By Leroy Douresseaux
September 26, 2007 - 12:59
FANTAGRAPHICS BOOKS/COCONINO PRESS
CARTOONIST: Richard Sala
978-1-56097-861-9; 8 1/2” x 11” paperback; saddle-stitched
32 pp., B&W, $7.95
Ignatz is a line of comic books co-published by Fantagraphics Books (Seattle, Washington) and Italy's Coconino Press. With an international roster of cartoonists and creators, each individual Ignatz comic book is printed on heavy paper with cardstock covers in an oversized two-color format. Ignatz titles are part book, part magazine, part comic book (pamphlet), and part serialized graphic novel, and like a book, each edition in the line has a dust jacket. The oversized publishing format makes this look like a magazine, but the contents are all comic book. Delphine #2 by Richard Sala (Evil Eye, The Grave Robber’s Daughter) is the 20th entry in the line.
Delphine is a Sala’s retelling of the fairy tale Snow White from the perspective of the “prince.” In this instance, the prince is a mysterious traveler – a student searching for a fellow student, a girl named Delphine Penny, with whom he has an infatuation. He travels to Delphine’s last address known to him, a rustic village surrounded by an ominous black forest. Delphine #2 opens with the young man a somewhat unwilling guest of a woodsman/woodcarver in his lonely house deep in the forest. After being warned by his host not to enter a gloomy backroom in the house, the young man (of course) does and discovers a mysterious woman residing inside a mirror…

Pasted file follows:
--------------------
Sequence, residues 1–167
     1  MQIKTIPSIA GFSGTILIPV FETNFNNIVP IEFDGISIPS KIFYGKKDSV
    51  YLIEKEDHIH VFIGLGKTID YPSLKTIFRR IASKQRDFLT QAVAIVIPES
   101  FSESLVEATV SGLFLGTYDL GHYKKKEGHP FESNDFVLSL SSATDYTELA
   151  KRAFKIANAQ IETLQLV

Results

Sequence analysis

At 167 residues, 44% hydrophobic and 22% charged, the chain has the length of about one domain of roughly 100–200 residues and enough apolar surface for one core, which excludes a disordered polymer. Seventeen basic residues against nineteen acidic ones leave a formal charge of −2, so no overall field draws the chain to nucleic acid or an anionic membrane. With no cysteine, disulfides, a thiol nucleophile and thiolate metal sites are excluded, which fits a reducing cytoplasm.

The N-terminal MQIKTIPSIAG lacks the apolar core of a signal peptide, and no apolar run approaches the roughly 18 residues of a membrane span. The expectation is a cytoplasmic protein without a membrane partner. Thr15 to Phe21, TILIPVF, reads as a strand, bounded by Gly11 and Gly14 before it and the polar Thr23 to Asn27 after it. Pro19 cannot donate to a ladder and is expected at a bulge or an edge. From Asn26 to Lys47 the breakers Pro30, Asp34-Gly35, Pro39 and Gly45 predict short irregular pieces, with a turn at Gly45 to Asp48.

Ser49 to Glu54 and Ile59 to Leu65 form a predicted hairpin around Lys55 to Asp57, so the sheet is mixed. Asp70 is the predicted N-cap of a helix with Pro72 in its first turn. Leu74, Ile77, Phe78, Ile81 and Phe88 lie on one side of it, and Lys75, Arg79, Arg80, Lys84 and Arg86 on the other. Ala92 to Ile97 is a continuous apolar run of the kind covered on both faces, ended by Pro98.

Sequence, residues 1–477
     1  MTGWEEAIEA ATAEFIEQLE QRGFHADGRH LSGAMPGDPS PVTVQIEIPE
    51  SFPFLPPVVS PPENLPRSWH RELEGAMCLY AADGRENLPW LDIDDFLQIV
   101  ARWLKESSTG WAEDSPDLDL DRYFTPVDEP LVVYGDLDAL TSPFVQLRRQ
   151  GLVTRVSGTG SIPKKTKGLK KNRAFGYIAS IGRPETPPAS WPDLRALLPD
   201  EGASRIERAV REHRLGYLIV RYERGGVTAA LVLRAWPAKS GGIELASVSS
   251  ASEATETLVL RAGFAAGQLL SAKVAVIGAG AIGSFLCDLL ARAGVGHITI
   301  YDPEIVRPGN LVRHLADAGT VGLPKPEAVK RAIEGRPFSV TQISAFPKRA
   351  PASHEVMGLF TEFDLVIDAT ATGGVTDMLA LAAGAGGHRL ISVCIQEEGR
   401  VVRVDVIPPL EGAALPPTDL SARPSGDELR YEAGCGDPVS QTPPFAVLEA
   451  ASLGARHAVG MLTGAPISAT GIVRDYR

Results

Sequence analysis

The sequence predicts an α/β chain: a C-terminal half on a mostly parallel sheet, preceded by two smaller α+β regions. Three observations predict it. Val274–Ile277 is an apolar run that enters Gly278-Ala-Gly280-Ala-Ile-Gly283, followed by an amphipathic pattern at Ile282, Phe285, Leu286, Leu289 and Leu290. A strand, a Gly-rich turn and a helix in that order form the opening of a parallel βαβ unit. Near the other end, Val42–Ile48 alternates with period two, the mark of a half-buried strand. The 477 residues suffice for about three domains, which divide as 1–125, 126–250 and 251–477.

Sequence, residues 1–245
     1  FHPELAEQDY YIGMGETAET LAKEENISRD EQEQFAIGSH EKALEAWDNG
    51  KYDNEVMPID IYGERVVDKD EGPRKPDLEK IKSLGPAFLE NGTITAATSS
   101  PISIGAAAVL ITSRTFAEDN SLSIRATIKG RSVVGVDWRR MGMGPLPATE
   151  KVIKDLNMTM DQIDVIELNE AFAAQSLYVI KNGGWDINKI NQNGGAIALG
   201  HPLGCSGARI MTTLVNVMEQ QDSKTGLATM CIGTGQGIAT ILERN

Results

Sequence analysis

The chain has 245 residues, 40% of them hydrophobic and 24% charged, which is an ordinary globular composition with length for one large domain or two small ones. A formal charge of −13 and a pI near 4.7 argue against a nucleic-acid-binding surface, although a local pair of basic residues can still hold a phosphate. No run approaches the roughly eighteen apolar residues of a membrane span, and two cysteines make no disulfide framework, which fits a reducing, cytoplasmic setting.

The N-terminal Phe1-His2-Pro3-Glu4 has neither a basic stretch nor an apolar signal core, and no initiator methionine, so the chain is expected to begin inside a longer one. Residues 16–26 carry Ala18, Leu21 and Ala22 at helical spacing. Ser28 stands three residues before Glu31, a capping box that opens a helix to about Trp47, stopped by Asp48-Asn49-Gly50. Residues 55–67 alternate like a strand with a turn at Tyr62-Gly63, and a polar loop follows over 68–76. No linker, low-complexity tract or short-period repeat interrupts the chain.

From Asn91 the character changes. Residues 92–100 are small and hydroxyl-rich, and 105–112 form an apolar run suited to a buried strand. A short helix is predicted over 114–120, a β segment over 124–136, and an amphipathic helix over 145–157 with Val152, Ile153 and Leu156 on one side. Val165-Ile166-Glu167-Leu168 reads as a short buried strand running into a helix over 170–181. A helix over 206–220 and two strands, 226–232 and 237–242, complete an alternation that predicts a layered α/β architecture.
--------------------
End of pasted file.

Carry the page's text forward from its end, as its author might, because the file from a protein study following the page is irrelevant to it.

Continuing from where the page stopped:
THE LOWDOWN: Richard Sala’s work recalls Edward Gorey and famed New Yorker cartoonist Charles Addams with the elegant gloominess of filmmakers Mario Bava and Tim Burton. The larger format of the Ignatz line enhances the loving detail and brooding atmosphere of Sala’s art. The story looks and reads like a fairy tale, and Sala has an amazing knack for constantly adding new elements to his narrative that always enhance the story and engage the reader.
POSSIBLE AUDIENCE: Do you like Charles Addams, Edward Gorey, Tim Burton, and/or Barry Sonnefeld? Then, this Ignatz entry is for you.